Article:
In ancient Greece, dramas were performed in amphitheaters open to the sky. So an outdoor venue like Summit Rock, the highest point in Central Park, is a good fit for Everyday Inferno Theatre Company‘s new “contemporary adaptation” of Euripides’ Iphigenia Among the Taurians.
The play (the title sometimes less accurately rendered as Iphigenia in Tauris) isn’t often produced around here. I’d never seen it before. Certainly it’s not as popular as, say, The Bacchae or Sophocles’ Antigone. Or Euripides’ Iphigenia in Aulis, for that matter. This adaptation left me wondering why. It’s one of the best productions of ancient Greek drama I’ve seen in years.
The text of the adaptation strikes a smile-inducing, attention-grabbing, and surprisingly believable balance between literary authenticity – this is indeed Euripides’ Iphigenia in all its essentials – and contemporary informality and even snark. Led by Santoya Fields’s commanding performance in the title role, the cast rises stalwartly to the occasion. A capella arrangements of cleverly chosen modern-day songs by the likes of Radiohead, Florence and the Machine, and Phil Ochs comment warmly on the action, even if the wide-open outdoor spaces lead to occasional out-of-tuneness.
Importantly, director Anaïs Koivisto makes excellent use of the beautiful space. Summit Rock makes a lovely stage, but quite a wide one given the arrangement of the benches where the limited audience can sit, so it takes both crafty staging and strong vocal projection for a convincing production.
Just before the preview I attended, nature clapped along with a brief thunderstorm, soaking the cast members already assembled on stage and setting a literally electric tone for a performance that buzzed with energy despite the humidity.
The dramatic situation is typical of Greek legends in which seemingly arbitrary actions by the gods alter the courses of mortals’ lives. The goddess Artemis has whisked away young Iphigenia just as this daughter of Agamemnon and Clytemnestra was about to be sacrificed by her father for favorable sailing winds. Believing the murder to have occurred, a furious Clytemnestra has killed her husband, only to be murdered in turn by their vengeful son Orestes. (Game of Thrones fans may detect echoes of this in the show’s incident of the sacrifice of Shireen Baratheon. Greek drama is always with us.)
As the action begins, Iphigenia has had a terrifying dream which she interprets to mean her beloved brother Orestes (an appropriately craggy performance by Mark Hawkins), whom she last saw as a baby, has died. Orestes, in turn, accompanied by his friend and future brother-in-law Pylades (an excellent Zac Pierce-Messick), and believing his sister long dead, has journeyed to distant Tauris (modern-day Crimea) on a mission from Apollo. He is to swipe its temple’s statue of Artemis and return it to Athens in order to escape the wrath of the Furies who have been hounding him. Little does he know that Artemis has set up Iphigenia against her will as the priestess here, in charge of ritually sacrificing any foreign men who turn up.
The play is a fine choice for the Everyday Inferno company, whose mission is to create “adventurous theatrical productions of new or rarely produced texts with a focus on telling women’s stories.” Women are central to the play and especially to this adaptation. Iphigenia and her fellow temple functionaries, all virginal Greek women under the thumb of King (here Queen) Thoas, have become, as Iphigenia puts it, “hard women” – “captive, ruined, frozen.” Yet even before they know the identities of the newly arrived young men, they’re fascinated and emotionally jarred by the visitors’ mistreatment by the locals. Frozen in time and space and the cycle of life, in their hearts these women are anything but. When Iphigenia and Orestes at last realize they are one another’s missing siblings, hope of rescue revives in all the Greek women, who rush to help Iphigenia plot an escape for the men and for herself, with a promise of future rescue for her comrades.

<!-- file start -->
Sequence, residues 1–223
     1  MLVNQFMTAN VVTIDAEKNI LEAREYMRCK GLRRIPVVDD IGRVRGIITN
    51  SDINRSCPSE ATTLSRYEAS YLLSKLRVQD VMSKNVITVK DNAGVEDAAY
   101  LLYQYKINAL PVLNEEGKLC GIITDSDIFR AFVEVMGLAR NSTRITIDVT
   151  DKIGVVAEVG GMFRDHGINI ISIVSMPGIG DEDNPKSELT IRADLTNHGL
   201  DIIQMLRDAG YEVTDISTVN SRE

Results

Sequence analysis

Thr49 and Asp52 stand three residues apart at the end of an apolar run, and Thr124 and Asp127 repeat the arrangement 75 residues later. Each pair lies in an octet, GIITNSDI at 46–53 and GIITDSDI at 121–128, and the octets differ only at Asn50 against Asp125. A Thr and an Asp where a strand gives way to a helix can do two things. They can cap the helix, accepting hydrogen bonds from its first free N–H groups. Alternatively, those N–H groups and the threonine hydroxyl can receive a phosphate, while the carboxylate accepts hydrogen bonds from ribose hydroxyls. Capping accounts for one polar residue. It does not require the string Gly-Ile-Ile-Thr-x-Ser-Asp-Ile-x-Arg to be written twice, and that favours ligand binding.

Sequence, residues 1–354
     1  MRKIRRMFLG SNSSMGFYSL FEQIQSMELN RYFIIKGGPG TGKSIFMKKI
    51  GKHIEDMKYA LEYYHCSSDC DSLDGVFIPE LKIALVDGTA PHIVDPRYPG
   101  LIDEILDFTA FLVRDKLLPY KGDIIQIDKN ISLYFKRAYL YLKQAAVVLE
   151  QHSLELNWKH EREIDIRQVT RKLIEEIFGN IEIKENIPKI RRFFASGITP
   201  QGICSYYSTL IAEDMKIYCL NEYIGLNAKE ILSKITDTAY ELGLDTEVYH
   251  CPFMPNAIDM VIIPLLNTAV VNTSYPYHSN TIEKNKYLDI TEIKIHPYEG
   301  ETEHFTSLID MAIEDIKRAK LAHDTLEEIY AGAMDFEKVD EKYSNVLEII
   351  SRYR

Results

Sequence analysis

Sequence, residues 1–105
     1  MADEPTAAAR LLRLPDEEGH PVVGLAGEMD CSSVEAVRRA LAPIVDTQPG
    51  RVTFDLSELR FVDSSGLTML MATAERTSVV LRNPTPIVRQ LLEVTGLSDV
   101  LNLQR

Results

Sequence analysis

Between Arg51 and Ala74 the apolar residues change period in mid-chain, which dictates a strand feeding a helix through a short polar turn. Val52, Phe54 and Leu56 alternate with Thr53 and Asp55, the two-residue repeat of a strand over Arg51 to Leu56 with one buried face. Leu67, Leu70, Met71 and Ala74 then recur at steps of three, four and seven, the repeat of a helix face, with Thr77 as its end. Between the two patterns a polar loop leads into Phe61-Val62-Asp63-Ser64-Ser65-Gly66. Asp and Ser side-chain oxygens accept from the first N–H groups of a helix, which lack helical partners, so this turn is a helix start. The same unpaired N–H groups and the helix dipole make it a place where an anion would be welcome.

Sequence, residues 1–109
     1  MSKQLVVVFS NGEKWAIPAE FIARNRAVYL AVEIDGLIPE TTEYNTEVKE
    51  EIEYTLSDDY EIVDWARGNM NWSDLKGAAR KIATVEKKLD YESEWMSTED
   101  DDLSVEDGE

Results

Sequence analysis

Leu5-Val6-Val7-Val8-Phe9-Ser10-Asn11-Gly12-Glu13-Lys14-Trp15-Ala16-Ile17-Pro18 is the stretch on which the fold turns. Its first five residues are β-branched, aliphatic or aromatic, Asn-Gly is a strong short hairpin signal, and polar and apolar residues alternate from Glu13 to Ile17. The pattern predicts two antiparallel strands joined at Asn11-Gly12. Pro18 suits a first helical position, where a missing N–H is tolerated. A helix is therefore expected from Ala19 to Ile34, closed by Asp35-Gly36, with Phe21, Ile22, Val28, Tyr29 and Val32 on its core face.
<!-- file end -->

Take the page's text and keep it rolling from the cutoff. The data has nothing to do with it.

The tone shifts at the entrance of a comically conceived Thoas, realized by Malloree Hill’s broad turn which creeps gingerly into physical-comedy territory. Full of royal self-regard yet easily cozened by Iphigenia – Fields switches gears to show good comic timing here too – this queen is as hapless as the goddess Athena is firm. Yes, true to Greek-drama form, the deity turns up in person at the end to direct the sulky Thoas to let the Greeks go – not because the gods command it, says this version of Athena, but because it’s the right thing to do. “We are in an iron age now,” says this forward-looking goddess, where progress and peace won’t come from weapons alone.
Depite inserting this anachronistic message, the production doesn’t get fluffy – except in the too diffuse, feel-good closing musical number – or overly moralistic. It’s a thoughtful modern gloss on an ancient text that has enough space and sway to accommodate modern tastes and philosophies – even agnosticism! – and entertain modern audiences, while staying true to the legends that birthed it.
Everyday Inferno’s production of Iphigenia Among the Taurians is part of FringeAL FRESCO, FringeNYC’s series of free outdoor shows, a production of The Present Company. Don’t let vague threats of thunderstorms keep you away; Orestes and Pylades sure didn’t. Performances are free at 6:30 PM on Fridays, Saturdays and Sundays through August 21.
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